Brandi Carlile: Raising Hell and Finding Personal Growth With ‘Bear Creek’
Brandi Carlile has spent the better part of the last decade traversing the planet, bringing her music to an ever-growing following. Her new studio album, Bear Creek, sees the singer/songwriter using the experience garnered from life on the road to elevate her already astonishing artistry to a new level.
Recording at Bear Creek studios, a converted turn-of-the-century barn nestled among the tall trees of Woodinville, Washington, proved to be ideal. In March 2011, she brought co-producer Trina Shoemaker, a Grammy Award-winning engineer and mixer, and members of her “road family” – including multi-instrumentalists/songwriters Phil and Tim Hanseroth (a.k.a. “The Twins”), cellist Josh Neumann and drummer Allison Miller, as well as her touring sound engineer and guitar tech – to Bear Creek, and together they spent the next month recording.
The new album was released last month, and Carlile and company have hit the road for an extensive summer tour opening for Dave Mathews and headlining dates at Red Rocks, among the highlights.
I caught up with Brandi Carlile at her home in Seattle to talk about the new album and her storied career.
RICK J Bowen : You recently performed at the Johnny Cash tribute show, “We Walk The Line” in Austin, Texas. How was that?
Brandi Carlile: It was so special; so many great people were there, Shooter Jennings, Willie Nelson, and Kris Kristofferson.
RJB: You opened the show with the “Folsom Prison.”
Carlile: Yeah, I didn’t know that was gonna happen, until that day. But I’m always ready to throw on my guitar, get out there, get people going and on their feet. I also got to sing with Sheryl Crow on “Walk the Line.” I just love her.
RJB: Must have been amazing hanging with your heroes.
Carlile: Yes, it was great until I spilled a drink all over Lucinda Williams. I felt so embarrassed. It was a wild night; I got no sleep and had to catch a flight in the morning. It was a proper Johnny Cash tribute.
RJB: You were scheduled to play the Erase Hate event in Tampa the next day, but it was rained out. Seems you are quite involved in activism and being a role model.
Carlile: Yes, the Erase Hate event will get a makeup date; it’s very special event and needed in Florida. But I don’t know if I am a role model; I’m as flawed as anyone. But I have a forum as an artist, to raise awareness and try to make myself a blessing to others.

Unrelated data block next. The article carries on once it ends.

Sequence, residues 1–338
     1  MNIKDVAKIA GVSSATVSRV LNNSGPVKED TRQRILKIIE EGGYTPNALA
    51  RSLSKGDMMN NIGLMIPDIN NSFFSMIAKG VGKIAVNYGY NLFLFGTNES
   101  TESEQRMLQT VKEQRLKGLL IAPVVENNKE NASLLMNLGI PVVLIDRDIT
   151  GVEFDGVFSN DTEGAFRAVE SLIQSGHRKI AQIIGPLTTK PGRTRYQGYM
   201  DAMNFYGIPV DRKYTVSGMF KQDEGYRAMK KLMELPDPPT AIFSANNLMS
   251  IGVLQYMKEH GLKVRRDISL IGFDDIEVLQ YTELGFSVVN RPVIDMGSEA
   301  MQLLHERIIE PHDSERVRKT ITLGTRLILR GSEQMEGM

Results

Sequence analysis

RJB: I would say you’re a role model to young women as an artist who has “made it.”
Carlile: I don’t feel I’ve really made it big yet. I don’t have a red sports car and a swimming pool. I’m not going for the Hollywood type thing, that’s not what I mean. I am still working hard and feel I have a ways to go.
RJB: Wouldn’t you call being the producer on your new record, Bear Creek, “making it?”
Carlile: Yes, producing the album with the twins and Trina [Shoemaker] is a mark of success and personal growth. It was a chance to apply all the knowledge we’ve acquired from the past. It’s exciting to do that. No one wants to be a perpetual student. All the combination of producers, like Rick Rubin and T Bone Burnett on the previous records has brought us to this point. I just hope people like it and it has a chance to grow over time. Some records age better than others, so I hope this one does.
RJB: As the producer were you going for a certain sound or concept with Bear Creek?
Carlile: Well, we have cultivated a band sound for some time now. So we wanted to bring that feeling and sound into the studio. We went in as a band and played the songs the way we do live. There is so much pressure if you’re in L.A. and making a record with a big producer and you’re worried about fucking up that little guitar part, because there are 10 guitar players down the street who can do it better. Doing this record ourselves, closer to home gave us a chance to stretch our legs and relax. Then we took it a step further and brought in our road crew. So we had our sound tech and guitar tech to help us get our sound.